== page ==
That the European single currency was set up badly is now plain for all to see. A monetary union simply isn’t viable without credible plans to ensure some harmonisation of the individual economies that comprise it. Rather than exhibiting convergence, the differences between economies are growing more stark. The hope was that crisis would help forge the consensus needed to promote greater integration. Instead, it is driving national governments — and national citizens — apart.
As Luigi Zingales observes, political union is unattainable in the present circumstances. With a gun being held to the heads of European leaders, further integration would not be embraced with enthusiasm. Quite the opposite: public confidence in the concept of ‘Europe’ would be shattered.
The maximum that could feasibly be achieved in the present conditions is a regional banking union, capped with a Europe-wide financial sector supervisor. Politically, this would be difficult — not because of voter angst (many would surely welcome what might be seen as a tougher, more effective cop on the beat), but because an avenue for political patronage would be lost. However, with a single regulatory regime for banks, a regional mechanism for keeping them afloat would also be easier to achieve — critical at a time when so many of them are under enormous stress.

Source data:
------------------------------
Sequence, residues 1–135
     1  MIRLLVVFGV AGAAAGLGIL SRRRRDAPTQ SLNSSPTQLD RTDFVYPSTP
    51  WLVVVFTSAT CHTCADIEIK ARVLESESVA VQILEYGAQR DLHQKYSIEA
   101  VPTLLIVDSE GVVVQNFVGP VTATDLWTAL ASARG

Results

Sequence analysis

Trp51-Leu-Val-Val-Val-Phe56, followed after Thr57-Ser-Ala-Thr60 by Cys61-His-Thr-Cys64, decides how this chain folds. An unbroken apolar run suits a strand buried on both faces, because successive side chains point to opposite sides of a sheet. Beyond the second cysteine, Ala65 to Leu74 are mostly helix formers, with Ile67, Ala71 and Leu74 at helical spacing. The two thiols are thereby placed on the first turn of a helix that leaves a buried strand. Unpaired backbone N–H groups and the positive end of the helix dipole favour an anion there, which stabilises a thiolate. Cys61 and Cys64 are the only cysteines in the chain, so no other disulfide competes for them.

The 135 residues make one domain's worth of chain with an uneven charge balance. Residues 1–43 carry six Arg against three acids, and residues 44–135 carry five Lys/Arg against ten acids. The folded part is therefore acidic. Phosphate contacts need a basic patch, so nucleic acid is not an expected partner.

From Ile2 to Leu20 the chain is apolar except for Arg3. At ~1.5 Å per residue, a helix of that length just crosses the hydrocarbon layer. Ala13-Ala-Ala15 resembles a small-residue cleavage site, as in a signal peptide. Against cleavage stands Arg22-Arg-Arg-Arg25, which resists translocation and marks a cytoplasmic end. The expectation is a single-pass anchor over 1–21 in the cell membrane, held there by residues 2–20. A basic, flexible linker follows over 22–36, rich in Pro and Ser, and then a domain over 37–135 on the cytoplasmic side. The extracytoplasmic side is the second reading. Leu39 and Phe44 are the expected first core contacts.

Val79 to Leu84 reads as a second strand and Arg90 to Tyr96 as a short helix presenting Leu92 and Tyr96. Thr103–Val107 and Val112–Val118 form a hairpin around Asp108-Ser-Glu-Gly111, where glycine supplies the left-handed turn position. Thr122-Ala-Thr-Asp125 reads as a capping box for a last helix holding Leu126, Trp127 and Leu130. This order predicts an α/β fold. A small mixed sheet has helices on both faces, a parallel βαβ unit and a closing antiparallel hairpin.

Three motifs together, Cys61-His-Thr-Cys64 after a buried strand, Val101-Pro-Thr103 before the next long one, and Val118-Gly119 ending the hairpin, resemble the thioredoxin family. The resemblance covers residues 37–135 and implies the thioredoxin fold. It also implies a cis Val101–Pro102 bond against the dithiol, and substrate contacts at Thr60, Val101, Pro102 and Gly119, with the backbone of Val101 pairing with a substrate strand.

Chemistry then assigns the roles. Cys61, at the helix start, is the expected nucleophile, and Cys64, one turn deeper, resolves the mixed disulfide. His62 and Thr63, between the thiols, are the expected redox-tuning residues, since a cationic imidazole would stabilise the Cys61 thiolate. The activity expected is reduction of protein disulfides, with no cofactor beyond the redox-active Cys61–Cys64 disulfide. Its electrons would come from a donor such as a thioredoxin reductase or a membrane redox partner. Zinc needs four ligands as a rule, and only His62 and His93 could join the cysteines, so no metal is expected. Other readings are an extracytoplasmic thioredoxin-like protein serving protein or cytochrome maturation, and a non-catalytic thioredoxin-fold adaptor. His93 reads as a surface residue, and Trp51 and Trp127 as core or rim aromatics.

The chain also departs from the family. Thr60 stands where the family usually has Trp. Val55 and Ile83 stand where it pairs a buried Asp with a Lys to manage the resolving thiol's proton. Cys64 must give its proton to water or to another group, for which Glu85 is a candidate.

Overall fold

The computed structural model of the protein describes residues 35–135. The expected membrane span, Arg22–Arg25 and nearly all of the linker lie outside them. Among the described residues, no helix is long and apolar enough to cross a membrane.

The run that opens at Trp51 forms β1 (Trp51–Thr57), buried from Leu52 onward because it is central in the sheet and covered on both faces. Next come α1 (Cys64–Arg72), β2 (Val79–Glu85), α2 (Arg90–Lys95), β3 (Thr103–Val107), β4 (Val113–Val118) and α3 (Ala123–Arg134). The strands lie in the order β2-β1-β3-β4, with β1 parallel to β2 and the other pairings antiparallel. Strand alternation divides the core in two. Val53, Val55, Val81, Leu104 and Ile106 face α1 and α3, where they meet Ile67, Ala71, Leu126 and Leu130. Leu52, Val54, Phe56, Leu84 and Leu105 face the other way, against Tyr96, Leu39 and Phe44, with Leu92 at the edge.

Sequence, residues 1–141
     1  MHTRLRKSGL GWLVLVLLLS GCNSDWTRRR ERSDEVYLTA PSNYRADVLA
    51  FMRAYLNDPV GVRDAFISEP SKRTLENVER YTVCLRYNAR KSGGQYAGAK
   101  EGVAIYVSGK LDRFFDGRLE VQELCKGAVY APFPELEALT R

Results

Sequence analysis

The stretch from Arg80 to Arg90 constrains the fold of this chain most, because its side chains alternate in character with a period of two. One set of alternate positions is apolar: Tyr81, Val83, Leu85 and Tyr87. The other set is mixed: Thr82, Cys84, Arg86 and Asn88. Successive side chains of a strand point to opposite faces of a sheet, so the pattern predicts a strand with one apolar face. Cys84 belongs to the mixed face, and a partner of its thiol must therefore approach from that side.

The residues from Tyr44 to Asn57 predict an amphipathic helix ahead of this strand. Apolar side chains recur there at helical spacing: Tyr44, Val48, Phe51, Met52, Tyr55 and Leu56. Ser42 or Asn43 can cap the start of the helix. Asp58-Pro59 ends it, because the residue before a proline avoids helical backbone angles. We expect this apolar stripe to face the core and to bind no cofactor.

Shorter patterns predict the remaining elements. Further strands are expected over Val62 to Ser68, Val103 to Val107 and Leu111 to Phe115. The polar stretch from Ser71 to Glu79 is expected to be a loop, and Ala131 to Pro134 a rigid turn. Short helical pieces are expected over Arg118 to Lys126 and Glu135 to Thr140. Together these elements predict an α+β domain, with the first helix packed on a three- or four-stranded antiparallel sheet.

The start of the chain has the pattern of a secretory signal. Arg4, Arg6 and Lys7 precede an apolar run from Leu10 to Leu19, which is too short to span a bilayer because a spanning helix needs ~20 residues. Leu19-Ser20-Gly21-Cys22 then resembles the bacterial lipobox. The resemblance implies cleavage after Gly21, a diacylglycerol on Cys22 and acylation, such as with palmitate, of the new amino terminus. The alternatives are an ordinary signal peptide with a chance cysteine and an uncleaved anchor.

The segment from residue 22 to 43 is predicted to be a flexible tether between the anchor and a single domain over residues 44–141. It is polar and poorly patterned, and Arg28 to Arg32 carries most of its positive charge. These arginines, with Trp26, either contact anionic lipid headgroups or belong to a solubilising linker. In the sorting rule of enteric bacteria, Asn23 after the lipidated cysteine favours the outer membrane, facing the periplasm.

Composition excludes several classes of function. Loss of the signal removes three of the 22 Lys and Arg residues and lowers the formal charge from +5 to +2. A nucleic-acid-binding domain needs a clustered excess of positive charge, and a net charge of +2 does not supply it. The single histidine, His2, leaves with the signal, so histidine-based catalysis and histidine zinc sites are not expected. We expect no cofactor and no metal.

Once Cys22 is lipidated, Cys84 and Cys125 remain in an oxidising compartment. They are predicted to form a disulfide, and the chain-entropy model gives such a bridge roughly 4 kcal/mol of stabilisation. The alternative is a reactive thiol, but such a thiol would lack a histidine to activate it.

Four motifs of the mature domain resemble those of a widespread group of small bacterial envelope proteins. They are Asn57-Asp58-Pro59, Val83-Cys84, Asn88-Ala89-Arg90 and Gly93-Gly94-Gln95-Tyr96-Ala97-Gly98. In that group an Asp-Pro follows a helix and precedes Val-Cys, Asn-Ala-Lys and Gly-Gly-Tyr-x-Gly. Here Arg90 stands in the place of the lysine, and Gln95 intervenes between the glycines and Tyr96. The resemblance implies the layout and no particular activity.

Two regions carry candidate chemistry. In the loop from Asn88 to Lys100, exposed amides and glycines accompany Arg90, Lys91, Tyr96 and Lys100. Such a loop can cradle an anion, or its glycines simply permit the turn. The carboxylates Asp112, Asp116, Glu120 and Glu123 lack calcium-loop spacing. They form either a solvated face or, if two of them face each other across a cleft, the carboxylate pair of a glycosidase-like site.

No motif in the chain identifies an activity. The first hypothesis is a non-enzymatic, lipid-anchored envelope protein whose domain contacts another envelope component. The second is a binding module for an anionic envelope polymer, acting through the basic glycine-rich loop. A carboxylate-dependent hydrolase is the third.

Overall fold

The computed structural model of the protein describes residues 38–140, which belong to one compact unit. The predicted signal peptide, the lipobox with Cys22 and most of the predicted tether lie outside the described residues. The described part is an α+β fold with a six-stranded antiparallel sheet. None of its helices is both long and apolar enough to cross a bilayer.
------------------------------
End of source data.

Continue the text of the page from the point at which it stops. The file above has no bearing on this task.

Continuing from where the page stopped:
The details matter of course. For one thing, Zingales recognises the difficulties of getting the composition of the regulatory board right. If it’s seen to be dominated by the big member economies, many smaller countries might be less willing to sign up. And any financial-sector backstop would need to work out how far it would insure deposits in the case of a member state dropping out of the Eurozone: abandoning insurance under such circumstances would fail to prevent banking runs (the reason for establishing such a scheme in the first place); unlimited coverage could inadvertently subsidise those bailing out of the Eurozone.
In principle, these are not insurmountable challenges. Then again, European leaders have ducked easier questions. Europe is paying the price for poor institutional design. In the midst of a crisis, it cannot afford to repeat those mistakes.